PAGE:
Bird cage facemask ruled illegal

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Football Canada official release

   Non-traditional facemasks prohibited over safety concerns

 

Non-traditional or overbuilt facemasks contain more bars, smaller spaces between bars and cover a larger area.

These particular facemasks more frequently fail the certification tests conducted by the National Operating Committee on Standards for Athletic Equipment (NOCSAE), the organization that approves equipment based on performance standards.


Until further information on the safety of non-traditional or overbuilt facemasks is determined, only traditional facemasks will be permitted by Football Canada.


Examples of traditional and non-traditional facemasks can be found here.


Players wearing non-traditional facemasks will be subject to rule 1, section 11, article 1, penalty c (page 10) of the Canadian Amateur Tackle Football Rule Book:


Loss of 5 yards from point where the ball would have been put into play, if no other foul had occurred, or added to the penalty for any other foul. The offending player shall be removed from the game until the illegal equipment is replaced. Immediate substitution will be made, but the game shall not be delayed. If more than 1 player offends on the same play, only 1 penalty L5 will be applied for that play. Fouls on subsequent plays will be penalized in the same way - L5 on each play where 1 or more players offend.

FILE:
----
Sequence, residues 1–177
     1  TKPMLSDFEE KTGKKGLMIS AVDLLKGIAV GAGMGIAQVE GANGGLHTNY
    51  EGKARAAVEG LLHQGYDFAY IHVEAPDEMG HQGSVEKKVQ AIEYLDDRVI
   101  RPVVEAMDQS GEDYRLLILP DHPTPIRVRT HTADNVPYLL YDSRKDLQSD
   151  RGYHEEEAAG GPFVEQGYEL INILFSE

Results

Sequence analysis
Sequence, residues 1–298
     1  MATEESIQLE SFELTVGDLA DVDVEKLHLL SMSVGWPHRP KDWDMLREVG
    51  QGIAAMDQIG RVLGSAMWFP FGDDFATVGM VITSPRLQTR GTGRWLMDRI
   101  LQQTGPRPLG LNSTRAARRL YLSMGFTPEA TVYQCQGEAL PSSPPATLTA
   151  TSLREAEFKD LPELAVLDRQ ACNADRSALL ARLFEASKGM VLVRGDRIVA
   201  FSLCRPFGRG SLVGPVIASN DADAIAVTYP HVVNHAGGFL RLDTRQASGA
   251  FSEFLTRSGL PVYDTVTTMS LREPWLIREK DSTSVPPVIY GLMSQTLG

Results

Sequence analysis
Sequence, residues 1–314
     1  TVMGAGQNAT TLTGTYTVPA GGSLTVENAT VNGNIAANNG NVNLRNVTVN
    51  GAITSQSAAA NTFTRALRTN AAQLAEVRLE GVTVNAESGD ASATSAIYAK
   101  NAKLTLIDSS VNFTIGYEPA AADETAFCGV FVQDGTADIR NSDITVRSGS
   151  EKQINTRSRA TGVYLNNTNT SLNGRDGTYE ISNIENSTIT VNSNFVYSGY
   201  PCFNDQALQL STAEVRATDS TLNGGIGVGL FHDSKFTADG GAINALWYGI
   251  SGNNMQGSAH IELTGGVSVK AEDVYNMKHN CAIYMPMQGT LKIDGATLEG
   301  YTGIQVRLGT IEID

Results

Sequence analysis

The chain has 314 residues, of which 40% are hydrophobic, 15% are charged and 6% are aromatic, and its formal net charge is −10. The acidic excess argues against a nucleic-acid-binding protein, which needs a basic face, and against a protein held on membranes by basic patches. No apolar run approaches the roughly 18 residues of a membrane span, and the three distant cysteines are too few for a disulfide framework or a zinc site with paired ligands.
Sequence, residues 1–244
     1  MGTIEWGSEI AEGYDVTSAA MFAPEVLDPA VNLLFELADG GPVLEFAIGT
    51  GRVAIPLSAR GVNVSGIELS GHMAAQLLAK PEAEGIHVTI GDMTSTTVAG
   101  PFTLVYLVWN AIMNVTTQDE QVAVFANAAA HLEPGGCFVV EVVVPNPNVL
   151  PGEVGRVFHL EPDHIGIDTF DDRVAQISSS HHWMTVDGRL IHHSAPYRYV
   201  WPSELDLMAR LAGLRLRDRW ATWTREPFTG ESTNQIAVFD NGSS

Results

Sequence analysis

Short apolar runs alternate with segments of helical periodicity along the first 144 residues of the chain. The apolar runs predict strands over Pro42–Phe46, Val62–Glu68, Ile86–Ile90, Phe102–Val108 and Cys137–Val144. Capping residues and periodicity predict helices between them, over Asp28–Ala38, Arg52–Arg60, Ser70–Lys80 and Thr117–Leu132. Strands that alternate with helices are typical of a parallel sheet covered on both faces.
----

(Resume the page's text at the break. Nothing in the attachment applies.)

Recent research also suggests that the use of overbuilt or non-standard facemasks present specific safety risks and should not be used. The NFL banned the use of non-traditional facemasks in 2014 and the NCAA followed their lead by banning them in 2015.


Among the studies, Dr. Erik E. Swartz of the University of New Hampshire concluded four primary concerns listed below: 

Added weight and more robust construction of the masks appears to negatively affect the structural integrity of the helmet during impact certification tests.
The added weight of the masks acts to shift the head's centre of gravity forward. This could have a tendency to fatigue the neck extensors and result in a head-down position during contact and tackling. The added weight increases the head's effective mass and may increase rotational acceleration following impact.
The additional, smaller spaces created in the mask increase the risk of another player's finger getting incidentally caught between the wires, potentially causing serious hand injury of the opponent as well as neck injury of the wearer.
The additional material may negatively affect a player's behavior during contact and tackling due to an added false sense of security.  


See the Swartz (2014) full research summary here.